Presentation on theme: "Lock Performance By Wesley W. Wilson University of Oregon and IWR."— Presentation transcript:
Lock Performance By Wesley W. Wilson University of Oregon and IWR
Purpose of Study The inland waterway consists of the river and a series of locks and dams that allow the river to be navigated. The capacity and use of the waterway depends on lock performance. There is a wealth of information on locks and lock performance which can be used to estimate the effects of particular lock characteristics on performance. Purpose To develop and estimate a model of lock performance as a function of lock and flotilla characteristics.
Locks Locks: Necessary to make the river navigatable. River Lock River Pool 1 Pool 2
Flotillas and Lockages A flotilla consists of a power vessel and a set of barges which have different configurations and dimensions. Locks have a fixed set of dimensions. Single Lockage: Flotilla can pass through in one cut. Double Lockage: Flotilla must take two cuts to pass through the lock.
Single Lockage Approach the lock Enter the chamber Gates close Lock is filled (or emptied) Open gates Exit the lock.
Double Lockage Approach the lock Enter the chamber Uncouple and back out second cut (*) Close gates Fill (empty) the lock chamber Open gates First cut exits (*) Close gates (*) Fill (empty) the lock chamber (*) Open gates (*) Second cut enters lock chamber (*) Close gates (*) Fill (empty) the lock chamber (*) Open gates (*) Recouple the tow (*) Exit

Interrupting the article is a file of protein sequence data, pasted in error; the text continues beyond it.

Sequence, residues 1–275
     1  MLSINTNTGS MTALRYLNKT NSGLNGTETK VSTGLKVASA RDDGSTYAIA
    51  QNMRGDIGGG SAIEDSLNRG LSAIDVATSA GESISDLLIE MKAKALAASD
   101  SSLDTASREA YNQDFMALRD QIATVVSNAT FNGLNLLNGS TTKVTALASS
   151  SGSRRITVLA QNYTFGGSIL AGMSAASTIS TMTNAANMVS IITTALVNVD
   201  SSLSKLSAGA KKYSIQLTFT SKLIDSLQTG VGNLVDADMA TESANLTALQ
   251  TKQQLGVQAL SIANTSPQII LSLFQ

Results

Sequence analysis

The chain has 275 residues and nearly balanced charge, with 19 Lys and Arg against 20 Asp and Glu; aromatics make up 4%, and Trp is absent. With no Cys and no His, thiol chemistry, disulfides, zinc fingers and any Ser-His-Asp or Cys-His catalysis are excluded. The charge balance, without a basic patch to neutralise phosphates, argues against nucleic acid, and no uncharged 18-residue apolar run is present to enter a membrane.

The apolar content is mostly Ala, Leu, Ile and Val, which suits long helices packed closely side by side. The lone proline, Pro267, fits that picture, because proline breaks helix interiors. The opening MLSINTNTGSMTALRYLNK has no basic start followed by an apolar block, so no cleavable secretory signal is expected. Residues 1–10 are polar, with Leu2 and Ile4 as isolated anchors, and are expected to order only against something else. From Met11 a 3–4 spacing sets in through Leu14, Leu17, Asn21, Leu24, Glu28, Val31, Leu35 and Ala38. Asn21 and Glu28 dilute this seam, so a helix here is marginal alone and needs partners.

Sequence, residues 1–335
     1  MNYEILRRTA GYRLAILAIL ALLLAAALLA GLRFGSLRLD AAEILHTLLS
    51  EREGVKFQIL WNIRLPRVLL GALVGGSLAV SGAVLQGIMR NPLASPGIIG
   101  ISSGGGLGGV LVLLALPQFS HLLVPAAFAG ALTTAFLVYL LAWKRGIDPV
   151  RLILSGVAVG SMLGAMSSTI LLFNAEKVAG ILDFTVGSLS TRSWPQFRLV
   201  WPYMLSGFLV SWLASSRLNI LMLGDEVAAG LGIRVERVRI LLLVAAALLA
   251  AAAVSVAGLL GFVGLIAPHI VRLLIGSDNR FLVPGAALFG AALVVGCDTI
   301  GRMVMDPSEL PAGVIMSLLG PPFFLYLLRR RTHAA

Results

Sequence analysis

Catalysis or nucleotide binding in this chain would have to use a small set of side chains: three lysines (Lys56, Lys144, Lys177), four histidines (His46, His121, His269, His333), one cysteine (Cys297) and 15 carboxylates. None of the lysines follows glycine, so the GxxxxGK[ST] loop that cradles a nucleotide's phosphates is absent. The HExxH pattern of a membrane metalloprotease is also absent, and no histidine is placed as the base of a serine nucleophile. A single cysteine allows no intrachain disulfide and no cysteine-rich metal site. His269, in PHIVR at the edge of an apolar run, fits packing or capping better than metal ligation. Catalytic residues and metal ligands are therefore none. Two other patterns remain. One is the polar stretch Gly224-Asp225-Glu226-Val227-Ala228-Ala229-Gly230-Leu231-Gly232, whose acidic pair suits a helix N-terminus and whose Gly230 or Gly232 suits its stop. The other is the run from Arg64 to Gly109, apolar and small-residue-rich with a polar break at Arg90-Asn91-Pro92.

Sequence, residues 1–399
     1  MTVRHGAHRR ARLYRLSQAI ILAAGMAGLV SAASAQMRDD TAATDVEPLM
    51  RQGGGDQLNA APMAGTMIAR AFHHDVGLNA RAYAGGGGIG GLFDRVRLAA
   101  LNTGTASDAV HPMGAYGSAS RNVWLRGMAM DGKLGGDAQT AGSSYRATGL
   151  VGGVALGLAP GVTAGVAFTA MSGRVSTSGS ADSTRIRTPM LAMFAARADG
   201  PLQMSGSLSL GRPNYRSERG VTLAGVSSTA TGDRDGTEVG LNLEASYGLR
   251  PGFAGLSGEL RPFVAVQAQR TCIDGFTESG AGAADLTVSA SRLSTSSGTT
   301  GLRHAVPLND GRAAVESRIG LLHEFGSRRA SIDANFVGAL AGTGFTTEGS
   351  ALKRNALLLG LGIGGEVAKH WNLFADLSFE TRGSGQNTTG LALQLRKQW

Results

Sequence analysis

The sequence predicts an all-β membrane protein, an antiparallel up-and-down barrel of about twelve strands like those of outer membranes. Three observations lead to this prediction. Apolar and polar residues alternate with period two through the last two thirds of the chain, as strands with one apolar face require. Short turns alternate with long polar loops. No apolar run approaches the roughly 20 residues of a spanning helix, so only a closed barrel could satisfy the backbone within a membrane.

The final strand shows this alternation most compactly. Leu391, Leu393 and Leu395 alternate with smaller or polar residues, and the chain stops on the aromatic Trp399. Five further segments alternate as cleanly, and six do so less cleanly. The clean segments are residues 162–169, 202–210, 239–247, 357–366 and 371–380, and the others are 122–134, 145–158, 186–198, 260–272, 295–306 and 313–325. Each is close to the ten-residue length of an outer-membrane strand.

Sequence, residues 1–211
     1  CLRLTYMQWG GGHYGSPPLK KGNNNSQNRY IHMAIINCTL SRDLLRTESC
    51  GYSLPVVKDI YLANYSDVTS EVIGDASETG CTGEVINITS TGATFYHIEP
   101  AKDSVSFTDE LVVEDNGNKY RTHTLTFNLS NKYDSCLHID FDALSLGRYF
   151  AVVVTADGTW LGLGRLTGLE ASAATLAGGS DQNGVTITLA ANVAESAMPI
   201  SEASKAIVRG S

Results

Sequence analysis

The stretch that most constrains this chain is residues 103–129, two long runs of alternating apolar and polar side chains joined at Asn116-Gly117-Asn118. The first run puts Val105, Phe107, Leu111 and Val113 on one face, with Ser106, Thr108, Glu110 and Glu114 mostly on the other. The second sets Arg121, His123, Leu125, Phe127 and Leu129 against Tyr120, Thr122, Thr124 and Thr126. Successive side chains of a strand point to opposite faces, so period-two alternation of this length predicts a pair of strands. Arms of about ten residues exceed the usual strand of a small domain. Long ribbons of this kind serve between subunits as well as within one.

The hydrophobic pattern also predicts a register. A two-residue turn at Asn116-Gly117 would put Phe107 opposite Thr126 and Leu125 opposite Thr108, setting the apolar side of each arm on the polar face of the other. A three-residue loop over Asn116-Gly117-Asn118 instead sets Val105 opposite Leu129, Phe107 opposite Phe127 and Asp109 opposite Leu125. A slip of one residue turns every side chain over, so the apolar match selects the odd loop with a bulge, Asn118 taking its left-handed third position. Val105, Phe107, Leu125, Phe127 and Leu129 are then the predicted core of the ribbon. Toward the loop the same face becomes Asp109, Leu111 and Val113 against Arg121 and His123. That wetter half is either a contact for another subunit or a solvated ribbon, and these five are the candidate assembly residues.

Lock Characteristics Age Dimensions (length and width) Gate Types Number of chambers Lift
Upper Miss Locks Age 29 Locks Year opened ranges from 1922 – 1990
Lock Dimensions Standard Lock on UMISS is 110 by 600. _______________________________________________ Width Length56110Total Total32629
Lift LiftFreq.Percent Total
Flotilla Characteristics Flotilla is a tow-barge configuration that passes through a lock. In 2000, there were about 69,989 flotillas on the UMiss that were used in the analysis.
Flotilla Data Over 69,000 observations (flotillas are tow/barge passages through a lock) Characteristics: Number of barges per flotilla:
Flotilla Data Flotilla Lengths
Characteristics Number of cuts 1-33,945 (48.5%) 2-36,043 (51.5%) Up and Down River Cuts 35,319 Down River 34,670 Up River Day versus Night 38,481 (55%) Day
Cuts and Month
Lockage Types TYPENumberPercent C - Consecutive 35, J - Jackknife 9 0 K -Knockout 6,231 9 S - Straight 26, T -Barge Transfer 68 0 V - Set over 1,224 2 Z -Other 3 0
Mechanical Assist Type Number Percent I - Tow with Bow Thrusters 70 0 J - Tow haulage (e.g., winch) (e.g., winch, kevel) K – Hydraulic N – Tow and Barge equip (e.g., winch, kevel) None
Processing Time (End of lockage-Start of Lockage-Stoppage) Mean77 minutes 50% 79 minutes
Lock Length and Processing Time
Lock Times-Size and Cuts LockMinutes AllSingle Multiple All
Econometric Model Time = f(Lock, Flotilla, Vessel, Passage, Time of day) Lock: Dummies for width and length Lift Age Flotilla: Length, width, number of barges Vessel:Horse power and dummy for tugboat or not. Passage:Dummies for single or double cuts Dummy for first in queue or not Time of day:Dummy for night or day. Unobserved factors: River conditions, lockmaster rules.
Results-Lock Types (R 2 =83) Lock (600 by 110 base) 1200 by by by log_lift log_age